Tourism: The Balance Between Cruises and Hotels – Basil Springer

Basil Springer

                  Basil Springer

“Iron sharpens iron, and one man sharpens another.” Proverbs 27:17 

[BRIDGETOWN, Barbados] = The Caribbean tourism sector’s “Economic Gearing System” is mainly driven by the arrival of tourists on airlines and cruise ships from far and wide.

Good balance between these drivers augurs well for the recovery and future of the hospitality industry which has been dealt a severe COVID-19 blow.

My first cruise was as a post graduate student travelling with my fiancé from Barbados to England in 1963 on a banana boat of the Fyffes Line.

Airline travel was not as accessible as it has since become so that was not an option. Traditional student accommodation was in four berth bunks where you had to rough it.

However, we were made aware of limited space availability accommodation in “first class”, which was being offered to students at half price and decided, with the concurrence of our parents, to take it. Even though we had to follow the protocol of dressing for dinner, it turned out to be good value for money. We returned to Trinidad and Tobago five years later on the Fyffes Line, having started a family.

Apart from a weekend cruise to The Bahamas out of Miami to attend my best man’s 25th wedding anniversary, that has been the extent of my cruise experience.

Since the demise of the Caribbean banana export industry, the cruise line industry has rapidly developed and was in great demand up to February 2020.

Marie Nieves, in her June 12, 2019 blog entitled “Hospitality Sector: Cruises vs. Hotels (Pros and Cons)”, concludes that after comparing these two industries, both of them offer different benefits in order to accommodate a wide range of their customers’ needs. Indeed, one can benefit from the other.

Over the years, I have also observed that cruise visitors are often very impressed with their one-day destination experiences that they want to return for the longer stay experience thus providing a boost to the hotel industry. This provides an opportunity for hotels to market their products in collaboration with the cruise line. And yes, I do understand that this is easier said than done.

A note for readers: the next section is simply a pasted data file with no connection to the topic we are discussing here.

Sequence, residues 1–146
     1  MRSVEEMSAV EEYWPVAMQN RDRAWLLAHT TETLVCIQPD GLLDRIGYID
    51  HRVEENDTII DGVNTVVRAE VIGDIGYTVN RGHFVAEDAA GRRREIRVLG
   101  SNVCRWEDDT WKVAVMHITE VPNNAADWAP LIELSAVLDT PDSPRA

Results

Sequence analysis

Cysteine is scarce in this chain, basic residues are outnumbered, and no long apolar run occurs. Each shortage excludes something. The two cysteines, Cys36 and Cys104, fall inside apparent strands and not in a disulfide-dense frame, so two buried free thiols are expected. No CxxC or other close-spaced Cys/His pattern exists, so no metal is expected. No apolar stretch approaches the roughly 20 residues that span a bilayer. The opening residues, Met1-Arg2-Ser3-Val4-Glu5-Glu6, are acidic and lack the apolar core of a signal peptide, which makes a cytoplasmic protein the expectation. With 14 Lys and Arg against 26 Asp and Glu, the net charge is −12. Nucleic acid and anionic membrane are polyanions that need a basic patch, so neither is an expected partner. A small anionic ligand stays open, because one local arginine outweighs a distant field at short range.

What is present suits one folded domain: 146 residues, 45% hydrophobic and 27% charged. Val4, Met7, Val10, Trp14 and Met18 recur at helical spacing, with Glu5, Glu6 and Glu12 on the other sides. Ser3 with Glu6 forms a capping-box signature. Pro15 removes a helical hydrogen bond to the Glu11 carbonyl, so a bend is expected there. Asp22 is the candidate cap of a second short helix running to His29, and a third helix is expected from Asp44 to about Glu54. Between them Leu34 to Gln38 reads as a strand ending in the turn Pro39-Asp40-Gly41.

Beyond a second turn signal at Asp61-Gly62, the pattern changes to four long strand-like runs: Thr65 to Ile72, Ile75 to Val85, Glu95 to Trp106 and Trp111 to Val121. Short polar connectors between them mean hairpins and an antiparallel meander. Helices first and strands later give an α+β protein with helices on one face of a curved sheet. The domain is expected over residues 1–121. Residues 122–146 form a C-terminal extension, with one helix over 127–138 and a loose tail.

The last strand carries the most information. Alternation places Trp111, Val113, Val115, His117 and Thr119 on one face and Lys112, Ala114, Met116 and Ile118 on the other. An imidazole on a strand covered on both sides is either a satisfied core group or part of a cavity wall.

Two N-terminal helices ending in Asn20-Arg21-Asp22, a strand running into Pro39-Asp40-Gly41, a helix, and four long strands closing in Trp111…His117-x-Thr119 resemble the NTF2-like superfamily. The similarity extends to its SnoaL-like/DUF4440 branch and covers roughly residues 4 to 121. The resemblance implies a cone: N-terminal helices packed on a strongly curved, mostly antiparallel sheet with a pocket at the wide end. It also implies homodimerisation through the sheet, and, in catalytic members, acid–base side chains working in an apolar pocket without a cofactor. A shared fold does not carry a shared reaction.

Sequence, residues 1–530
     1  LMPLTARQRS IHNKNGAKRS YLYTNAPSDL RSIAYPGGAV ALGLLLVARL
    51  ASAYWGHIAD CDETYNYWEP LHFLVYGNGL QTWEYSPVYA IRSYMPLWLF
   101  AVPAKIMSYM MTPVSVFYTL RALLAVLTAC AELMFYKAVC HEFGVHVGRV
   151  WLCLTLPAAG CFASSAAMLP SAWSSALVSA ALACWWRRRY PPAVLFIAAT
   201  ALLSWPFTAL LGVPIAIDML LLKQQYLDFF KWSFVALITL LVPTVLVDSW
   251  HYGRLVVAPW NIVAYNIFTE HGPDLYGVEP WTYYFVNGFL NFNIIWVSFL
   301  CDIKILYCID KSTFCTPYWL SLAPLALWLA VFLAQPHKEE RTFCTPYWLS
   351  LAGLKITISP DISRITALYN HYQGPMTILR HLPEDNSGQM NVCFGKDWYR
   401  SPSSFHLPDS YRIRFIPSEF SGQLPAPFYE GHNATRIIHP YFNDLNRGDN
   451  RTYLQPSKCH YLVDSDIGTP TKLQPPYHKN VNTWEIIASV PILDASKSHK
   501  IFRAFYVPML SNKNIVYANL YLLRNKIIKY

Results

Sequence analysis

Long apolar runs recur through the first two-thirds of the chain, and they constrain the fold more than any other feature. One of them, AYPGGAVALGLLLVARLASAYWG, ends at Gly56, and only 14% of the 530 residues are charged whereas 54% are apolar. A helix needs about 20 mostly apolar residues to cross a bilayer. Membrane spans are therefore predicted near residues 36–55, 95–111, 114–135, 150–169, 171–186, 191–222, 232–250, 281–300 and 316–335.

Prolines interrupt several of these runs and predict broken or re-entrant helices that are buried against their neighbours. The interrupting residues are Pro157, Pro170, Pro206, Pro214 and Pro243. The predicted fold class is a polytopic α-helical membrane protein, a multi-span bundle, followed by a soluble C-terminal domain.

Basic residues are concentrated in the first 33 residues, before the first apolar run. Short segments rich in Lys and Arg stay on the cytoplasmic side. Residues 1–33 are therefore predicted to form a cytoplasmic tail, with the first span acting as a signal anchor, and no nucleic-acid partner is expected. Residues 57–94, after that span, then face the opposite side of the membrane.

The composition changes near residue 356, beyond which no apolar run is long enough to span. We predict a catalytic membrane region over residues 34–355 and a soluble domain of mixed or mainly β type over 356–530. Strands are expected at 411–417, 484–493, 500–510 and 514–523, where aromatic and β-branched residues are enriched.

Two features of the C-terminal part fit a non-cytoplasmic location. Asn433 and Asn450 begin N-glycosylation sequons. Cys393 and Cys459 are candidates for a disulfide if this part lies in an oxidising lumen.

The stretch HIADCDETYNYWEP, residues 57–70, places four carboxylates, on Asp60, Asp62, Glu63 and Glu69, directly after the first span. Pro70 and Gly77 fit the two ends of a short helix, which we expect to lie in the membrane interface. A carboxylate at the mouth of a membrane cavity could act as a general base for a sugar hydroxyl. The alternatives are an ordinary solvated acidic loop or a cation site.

Caribbean cruise tourism has not been spared the impact of COVID-19, particularly since the cruise ship environment can be very conducive to the spread of the disease. The operations of cruise lines have therefore had to be quickly halted.

Public health protocols and online portals have been developed to facilitate the protection of the lives of travelers, and the resumption of travel industry livelihoods.

A Centers for Disease Control and Prevention (CDC) comprehensive framework for a phased resumption of cruise ship passenger operations is under review by the cruise lines, which are unlikely to resume sailing until next year.

Communication is the key to re-establishing relationships between stakeholders in the hospitality industry.

As we turn towards a new normal for the tourism sector, smart partnerships between destinations, cruise lines, airlines, hotels and attractions, will be imperative if we are to achieve win-win results.

Tourism: The Balance Between Cruises and Hotels – Basil Springer

 

 

 

 

 

 

 

 

 

 

 

(Dr. Basil Springer GCM is a Change-Engine Consultant. His email address is basilgf@marketplaceexcellence.com. His columns may be found at www.nothingbeatsbusiness.com/basil-springer-column/ and on www.facebook.com/basilgf).

 

 

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